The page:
Student leaders should speak for themselves

Opinion by
McGill Tribune

Queen’s University students are set to vote on a referendum question which would recommend to the university council that it move to impeach Nick Day, the university’s elected rector. Day—whose position is the third highest in the university and is mandated to represent students—drew national attention last week when he posted a note on criticizing Michael Ignatieff for condemning Israel Apartheid Week. Day wrote: “I was elected to represent the approximately 20,000 students of Queen’s University. If I ever used the influence of my office and the power of my public voice, as you have, to insulate from criticism the perpetrator of a mass-slaughter, I would have a very difficult time sleeping at night.” Controversially, he signed the letter as “Nick Day, Rector, Queen’s University.”

While it seems true that, as Day later contested, he never claimed to be speaking for his 20,000 Queen’s constituents, it is obvious that by signing the letter with his position he sought to add more authority to his views than merely writing his name would have gotten him. It is common practice to assume that a letter invoking someone’s position means they are writing in that specific capacity, and not as a mere layperson. Queen’s students are appropriately upset about Day’s mistake.

It is important, in light of the controversial nature of the topic, to be clear about what is at issue. Everyone is free to agree or disagree with the stance Day took in supporting Israel Apartheid Week; the more important discussion is about a student leader who used his position in a way he was not elected to do. We have seen this at McGill recently, too, when Students’ Society President Zach Newburgh sent emails from his president account to make contacts with other student leaders regarding Both Newburgh and Day made errors in judgment. The Tribune believes it is inappropriate for student leaders to use their positions of authority for advocating on issues not directly related to student life and on which it is far from clear they have a mandate from students to speak on their behalf. If Day wanted to invoke his position in the online letter, he should have made it clear that he was speaking for himself only. Student leaders are elected to speak for students in a certain context; the Day controversy shows that when leaders exit that context, they need to be especially clear who they are representing and how.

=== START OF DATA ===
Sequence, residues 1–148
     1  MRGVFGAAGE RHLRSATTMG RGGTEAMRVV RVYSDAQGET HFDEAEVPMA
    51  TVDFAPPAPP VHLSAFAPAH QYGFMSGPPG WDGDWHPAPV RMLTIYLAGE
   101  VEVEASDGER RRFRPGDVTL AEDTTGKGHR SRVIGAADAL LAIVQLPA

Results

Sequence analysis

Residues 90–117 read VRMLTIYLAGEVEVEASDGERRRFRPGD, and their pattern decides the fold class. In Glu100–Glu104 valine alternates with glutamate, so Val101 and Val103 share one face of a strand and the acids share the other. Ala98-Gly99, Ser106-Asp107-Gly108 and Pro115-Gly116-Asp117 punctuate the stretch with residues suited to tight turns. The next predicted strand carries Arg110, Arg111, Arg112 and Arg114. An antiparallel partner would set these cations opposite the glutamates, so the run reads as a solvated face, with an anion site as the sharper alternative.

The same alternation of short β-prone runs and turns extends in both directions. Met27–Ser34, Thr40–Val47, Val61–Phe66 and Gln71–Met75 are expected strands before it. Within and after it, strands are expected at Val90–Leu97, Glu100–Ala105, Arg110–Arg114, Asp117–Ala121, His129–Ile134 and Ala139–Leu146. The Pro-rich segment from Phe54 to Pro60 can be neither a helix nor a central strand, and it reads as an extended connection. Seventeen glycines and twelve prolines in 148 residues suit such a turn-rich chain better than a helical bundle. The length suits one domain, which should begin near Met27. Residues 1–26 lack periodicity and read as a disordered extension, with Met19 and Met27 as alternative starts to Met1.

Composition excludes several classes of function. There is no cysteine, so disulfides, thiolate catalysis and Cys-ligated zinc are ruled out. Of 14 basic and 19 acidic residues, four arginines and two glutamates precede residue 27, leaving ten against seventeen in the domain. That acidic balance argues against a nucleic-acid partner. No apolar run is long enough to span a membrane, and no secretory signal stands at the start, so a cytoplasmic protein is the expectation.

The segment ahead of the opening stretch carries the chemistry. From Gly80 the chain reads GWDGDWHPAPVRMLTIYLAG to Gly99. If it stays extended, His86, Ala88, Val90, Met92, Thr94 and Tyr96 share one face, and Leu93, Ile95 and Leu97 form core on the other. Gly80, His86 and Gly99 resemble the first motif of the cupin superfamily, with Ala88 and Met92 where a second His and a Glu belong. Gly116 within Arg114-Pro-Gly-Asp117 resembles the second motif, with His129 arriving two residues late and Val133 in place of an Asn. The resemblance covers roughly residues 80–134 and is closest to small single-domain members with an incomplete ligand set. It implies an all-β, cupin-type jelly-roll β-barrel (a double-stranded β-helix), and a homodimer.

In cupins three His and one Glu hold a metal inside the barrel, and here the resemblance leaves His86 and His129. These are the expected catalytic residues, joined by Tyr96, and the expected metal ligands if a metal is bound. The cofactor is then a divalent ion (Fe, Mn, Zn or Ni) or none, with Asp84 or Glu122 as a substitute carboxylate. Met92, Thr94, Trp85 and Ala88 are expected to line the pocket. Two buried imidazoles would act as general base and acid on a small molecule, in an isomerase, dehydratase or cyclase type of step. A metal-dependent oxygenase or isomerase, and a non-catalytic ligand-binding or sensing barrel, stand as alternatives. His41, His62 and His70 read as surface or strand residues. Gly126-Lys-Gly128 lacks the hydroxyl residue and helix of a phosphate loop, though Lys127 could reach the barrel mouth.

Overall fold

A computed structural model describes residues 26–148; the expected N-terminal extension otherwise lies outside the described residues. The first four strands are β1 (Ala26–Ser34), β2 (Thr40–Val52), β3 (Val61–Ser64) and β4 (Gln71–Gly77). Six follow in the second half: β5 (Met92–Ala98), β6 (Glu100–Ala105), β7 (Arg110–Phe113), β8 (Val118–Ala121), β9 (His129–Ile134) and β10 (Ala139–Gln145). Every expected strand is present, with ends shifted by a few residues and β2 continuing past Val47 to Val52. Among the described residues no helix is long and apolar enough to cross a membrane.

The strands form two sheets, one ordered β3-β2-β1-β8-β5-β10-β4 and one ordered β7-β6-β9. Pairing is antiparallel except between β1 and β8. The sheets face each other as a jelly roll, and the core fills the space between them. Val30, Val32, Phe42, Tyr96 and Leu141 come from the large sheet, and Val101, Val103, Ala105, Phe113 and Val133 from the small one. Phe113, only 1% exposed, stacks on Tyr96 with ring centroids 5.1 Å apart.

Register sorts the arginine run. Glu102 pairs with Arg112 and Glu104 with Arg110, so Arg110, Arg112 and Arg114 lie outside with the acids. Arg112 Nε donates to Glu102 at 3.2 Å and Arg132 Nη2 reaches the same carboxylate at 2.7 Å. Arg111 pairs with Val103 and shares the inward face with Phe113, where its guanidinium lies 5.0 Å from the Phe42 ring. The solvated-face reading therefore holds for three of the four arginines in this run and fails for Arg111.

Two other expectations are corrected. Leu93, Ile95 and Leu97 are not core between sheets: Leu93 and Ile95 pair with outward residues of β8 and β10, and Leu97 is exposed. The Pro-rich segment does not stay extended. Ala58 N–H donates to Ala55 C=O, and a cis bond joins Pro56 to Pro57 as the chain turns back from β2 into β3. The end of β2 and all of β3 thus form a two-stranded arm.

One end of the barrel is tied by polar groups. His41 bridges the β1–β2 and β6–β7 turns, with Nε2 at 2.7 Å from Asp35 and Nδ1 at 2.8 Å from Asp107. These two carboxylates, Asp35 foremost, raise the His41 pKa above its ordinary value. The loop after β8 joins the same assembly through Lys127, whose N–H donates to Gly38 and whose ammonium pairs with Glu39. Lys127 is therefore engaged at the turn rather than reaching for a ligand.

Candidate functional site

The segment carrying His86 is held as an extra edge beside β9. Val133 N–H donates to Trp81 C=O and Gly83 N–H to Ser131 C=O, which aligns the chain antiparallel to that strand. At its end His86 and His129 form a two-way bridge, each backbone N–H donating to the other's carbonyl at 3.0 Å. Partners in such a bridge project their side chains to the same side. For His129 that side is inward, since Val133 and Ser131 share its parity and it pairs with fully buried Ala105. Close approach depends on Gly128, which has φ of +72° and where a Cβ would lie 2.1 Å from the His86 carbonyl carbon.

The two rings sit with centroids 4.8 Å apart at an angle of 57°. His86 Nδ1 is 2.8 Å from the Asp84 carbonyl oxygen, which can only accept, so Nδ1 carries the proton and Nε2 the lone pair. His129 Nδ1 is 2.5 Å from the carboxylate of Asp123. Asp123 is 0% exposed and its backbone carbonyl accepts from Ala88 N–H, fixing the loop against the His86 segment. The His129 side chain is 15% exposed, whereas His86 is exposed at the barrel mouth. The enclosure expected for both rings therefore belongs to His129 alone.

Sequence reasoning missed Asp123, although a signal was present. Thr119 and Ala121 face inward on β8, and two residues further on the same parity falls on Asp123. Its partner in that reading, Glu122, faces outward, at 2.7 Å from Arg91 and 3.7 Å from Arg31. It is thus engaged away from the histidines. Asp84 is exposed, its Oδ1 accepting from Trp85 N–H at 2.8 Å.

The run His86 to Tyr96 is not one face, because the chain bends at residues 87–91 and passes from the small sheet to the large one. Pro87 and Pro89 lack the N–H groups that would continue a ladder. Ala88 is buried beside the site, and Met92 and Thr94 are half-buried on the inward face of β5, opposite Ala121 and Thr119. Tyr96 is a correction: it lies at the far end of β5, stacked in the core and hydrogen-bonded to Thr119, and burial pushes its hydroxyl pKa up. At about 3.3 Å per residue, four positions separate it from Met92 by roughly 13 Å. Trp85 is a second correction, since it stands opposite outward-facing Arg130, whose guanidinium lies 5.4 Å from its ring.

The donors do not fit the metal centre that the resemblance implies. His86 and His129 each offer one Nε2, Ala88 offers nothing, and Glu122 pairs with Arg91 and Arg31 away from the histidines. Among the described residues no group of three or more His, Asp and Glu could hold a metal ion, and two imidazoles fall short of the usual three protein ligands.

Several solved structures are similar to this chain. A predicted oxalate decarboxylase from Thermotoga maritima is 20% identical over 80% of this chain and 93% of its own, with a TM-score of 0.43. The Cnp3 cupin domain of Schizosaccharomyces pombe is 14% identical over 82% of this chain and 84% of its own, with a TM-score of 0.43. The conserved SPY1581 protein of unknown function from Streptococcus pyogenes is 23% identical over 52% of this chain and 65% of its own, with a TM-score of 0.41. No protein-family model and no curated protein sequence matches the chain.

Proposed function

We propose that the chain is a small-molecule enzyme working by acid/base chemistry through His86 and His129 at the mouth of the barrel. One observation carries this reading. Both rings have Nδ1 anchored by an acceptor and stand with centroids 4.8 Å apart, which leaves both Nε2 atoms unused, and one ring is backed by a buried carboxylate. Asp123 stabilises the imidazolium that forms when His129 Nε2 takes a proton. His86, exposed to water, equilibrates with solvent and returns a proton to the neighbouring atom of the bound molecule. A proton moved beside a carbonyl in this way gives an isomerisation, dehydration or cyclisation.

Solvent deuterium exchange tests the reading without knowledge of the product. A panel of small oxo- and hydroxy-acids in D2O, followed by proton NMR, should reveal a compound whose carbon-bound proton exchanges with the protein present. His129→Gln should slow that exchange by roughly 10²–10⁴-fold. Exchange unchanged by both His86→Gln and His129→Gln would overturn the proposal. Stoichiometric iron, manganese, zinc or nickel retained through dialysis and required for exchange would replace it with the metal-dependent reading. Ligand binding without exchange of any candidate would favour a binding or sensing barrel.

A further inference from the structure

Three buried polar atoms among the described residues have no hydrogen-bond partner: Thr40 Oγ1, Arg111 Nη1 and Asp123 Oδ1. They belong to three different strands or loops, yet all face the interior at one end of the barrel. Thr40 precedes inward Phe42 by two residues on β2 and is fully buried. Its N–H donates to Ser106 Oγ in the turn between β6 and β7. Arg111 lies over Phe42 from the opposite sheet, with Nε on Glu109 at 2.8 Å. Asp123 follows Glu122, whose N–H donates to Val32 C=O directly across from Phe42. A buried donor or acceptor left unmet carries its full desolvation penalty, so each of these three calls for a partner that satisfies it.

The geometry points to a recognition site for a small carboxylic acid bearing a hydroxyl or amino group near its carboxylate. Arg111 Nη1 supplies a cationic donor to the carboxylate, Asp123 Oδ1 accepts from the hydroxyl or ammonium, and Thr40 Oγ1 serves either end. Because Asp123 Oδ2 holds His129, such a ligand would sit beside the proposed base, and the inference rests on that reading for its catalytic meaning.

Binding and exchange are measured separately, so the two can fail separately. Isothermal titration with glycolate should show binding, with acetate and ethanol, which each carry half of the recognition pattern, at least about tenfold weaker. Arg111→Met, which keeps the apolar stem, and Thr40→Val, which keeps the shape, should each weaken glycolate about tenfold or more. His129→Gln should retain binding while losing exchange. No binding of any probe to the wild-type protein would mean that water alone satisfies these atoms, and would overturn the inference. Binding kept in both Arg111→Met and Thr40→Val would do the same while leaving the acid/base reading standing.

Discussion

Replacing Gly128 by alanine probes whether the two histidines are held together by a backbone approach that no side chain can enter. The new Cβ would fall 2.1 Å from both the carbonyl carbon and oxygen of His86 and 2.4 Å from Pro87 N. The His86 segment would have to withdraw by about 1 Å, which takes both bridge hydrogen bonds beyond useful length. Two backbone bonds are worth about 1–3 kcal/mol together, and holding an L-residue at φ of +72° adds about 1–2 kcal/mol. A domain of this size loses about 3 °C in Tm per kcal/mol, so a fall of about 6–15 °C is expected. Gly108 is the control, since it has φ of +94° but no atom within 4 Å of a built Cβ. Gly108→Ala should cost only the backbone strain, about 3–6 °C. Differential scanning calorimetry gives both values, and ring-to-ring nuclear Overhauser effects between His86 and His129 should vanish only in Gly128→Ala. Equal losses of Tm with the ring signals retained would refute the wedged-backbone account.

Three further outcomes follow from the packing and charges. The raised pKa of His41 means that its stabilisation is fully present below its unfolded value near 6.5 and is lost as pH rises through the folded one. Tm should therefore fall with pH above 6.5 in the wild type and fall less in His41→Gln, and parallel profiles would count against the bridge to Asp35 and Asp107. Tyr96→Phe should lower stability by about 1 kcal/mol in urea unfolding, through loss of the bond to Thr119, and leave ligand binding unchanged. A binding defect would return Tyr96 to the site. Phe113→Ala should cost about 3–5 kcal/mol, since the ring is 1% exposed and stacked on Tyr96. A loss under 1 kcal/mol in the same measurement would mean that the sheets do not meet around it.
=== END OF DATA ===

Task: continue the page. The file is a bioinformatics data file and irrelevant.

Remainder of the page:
Day published a statement in the Queen’s Journal this weekend arguing that one of the duties of the rector is to “foster academic dialogue” among Queen’s students, and that his publishing the letter falls under this category. This is a gross misinterpretation of why people are upset. Day needs to apologize for abusing his title. If he continues to insist, as he did in the Journal article, on his erroneous conception of the duties of a student leader, the referendum question urging university council to impeach might not be such a bad idea.